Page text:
For a price, anybody can buy space in a newspaper to announce pretty much whatever they want. Selling a boat? Buy an ad. Want to wish your gerbil a happy birthday? Buy an ad. Lost an heirloom and desperately want it back? Buy an ad.
It’s a mix of advertising and circulation that keep the lights on in any newsroom. About 15 years ago, about three-quarters of the New York Times’ revenue stream came from advertising but the advent of the Internet has re-calibrated this share down to about a 50-50 split, according to Atlantic magazine (“The print apocalypse and how to survive it,” Nov. 3, 2016).
It seems at first glance counter-intuitive that a free press would fund itself through advertising, which are essentially curated messages intended to persuade people. This is why newsrooms have a policy of separating advertising from editorial. For example, it would be unethical for a newspaper to promise good press — or any press at all — in turn for buying an ad.
It would also be unethical for a newspaper to promise placement of ad in the vicinity of related news content. In fact, editors avoid this at all costs. There have been times where, at the end of the day, I’ve realized a story about an upcoming event happens to lie on the same page as an ad for that event. In this case, I am obligated to move the story to a different page because if I didn’t, it would create the appearance that Yellowknifer is using news coverage to promote advertising.
Editorial staff also don’t base news value on who is or isn’t buying ads. For example, if the organizers of a public event decline to buy an ad in the newspaper, this decision will not factor into whether or not a reporter writes a story about the fact the event is happening. Rather, journalists simply ask themselves whether it’s in the public interest to write about an event.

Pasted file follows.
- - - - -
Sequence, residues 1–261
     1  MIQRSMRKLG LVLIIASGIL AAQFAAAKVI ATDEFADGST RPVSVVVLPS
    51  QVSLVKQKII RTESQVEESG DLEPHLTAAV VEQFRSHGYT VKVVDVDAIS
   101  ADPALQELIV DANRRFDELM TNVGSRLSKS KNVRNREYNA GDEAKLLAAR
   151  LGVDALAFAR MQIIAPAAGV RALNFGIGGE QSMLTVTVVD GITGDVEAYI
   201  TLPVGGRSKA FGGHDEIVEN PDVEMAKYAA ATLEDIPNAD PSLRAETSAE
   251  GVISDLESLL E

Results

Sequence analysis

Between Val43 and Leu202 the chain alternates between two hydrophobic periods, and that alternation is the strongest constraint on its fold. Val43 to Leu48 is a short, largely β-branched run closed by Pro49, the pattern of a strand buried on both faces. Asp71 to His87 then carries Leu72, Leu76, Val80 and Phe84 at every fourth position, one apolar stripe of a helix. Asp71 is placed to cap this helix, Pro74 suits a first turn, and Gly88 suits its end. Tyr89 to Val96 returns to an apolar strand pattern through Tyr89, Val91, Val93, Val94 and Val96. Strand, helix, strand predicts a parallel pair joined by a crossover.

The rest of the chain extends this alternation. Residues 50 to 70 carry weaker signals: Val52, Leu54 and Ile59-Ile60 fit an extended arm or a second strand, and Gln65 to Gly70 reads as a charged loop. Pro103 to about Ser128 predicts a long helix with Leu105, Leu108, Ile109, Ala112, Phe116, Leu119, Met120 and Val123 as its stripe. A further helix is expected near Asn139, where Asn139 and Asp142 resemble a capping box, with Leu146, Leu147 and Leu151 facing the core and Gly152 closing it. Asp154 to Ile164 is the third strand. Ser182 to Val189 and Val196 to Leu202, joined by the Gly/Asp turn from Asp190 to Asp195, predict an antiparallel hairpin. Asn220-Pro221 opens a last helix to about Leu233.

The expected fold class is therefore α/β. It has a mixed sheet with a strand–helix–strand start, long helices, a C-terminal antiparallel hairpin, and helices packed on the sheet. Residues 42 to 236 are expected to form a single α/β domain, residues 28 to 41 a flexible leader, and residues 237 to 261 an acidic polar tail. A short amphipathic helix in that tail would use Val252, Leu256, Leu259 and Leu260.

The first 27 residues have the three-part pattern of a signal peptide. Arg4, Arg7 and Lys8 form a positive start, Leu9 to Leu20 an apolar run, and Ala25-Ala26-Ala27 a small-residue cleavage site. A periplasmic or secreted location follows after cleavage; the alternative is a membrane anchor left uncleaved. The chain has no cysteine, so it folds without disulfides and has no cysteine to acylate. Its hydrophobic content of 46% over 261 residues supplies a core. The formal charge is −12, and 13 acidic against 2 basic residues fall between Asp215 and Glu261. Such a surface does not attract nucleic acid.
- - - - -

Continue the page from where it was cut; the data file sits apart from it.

Advertisers also do not have any control over what appears on a publication’s news or opinion pages. People who buy ads with Yellowknifer may not agree with the content of an editorial or column but have no more sway than a person who doesn’t buy an ad in the paper.
Sometimes people will take their advertising dollars elsewhere because they disagree with what is written on editorial pages. They are completely free to do so. Other times, they will write a letter to the editor or guest column. Personally, I love this because not only do submitted letters open the newspaper’s editorial decisions to debate, it exposes readers to perspectives they might not see otherwise. Bolstering a newspaper with differing opinions is more beneficial to the community than attempting to contribute to its demise over a difference of opinion.
That said, editorial staff will not put any special weight on whether the person writing is an advertiser or not. Yellowknifer will print any submission as long as it’s relevant, appropriate and not defamatory.
There are some cases where reporters will use advertisements as a way to create news content. Say the government is holding consultations on legislation, and advertises those consultations in the newspaper. This might inspire a reporter to do a story about what these consultations are about and how people might be affected by the new legislation.
Another example of this appeared in the July 21 Yellowknifer, which screamed a huge headline “Blowout sale” on the front page about De Beers’ Snap Lake Diamond Mine auction. It’s not every day a diamond mine is dismantled and sold off in an international auction and on that merit alone, the paper’s editorial staff felt a great interest to Yellowknifer readers.
And then there are advertorials. One way some publications have found success in bolstering their advertising revenue streams is by creating a new form of journalism that straddles the line between advertising and news. Basically, an advertorial, sponsored content or native advertising is when a publication prints an ad that looks like a news story. The only thing that separates this from actual news content is it will be labelled as such, which is something readers should keep an eye out for when consuming news.
Because advertising and editorial content is produced under one roof, readers may not realize newsrooms draw an invisible line and keep on either side of it but that line is there and it’s part of what preserves any publication’s press freedom.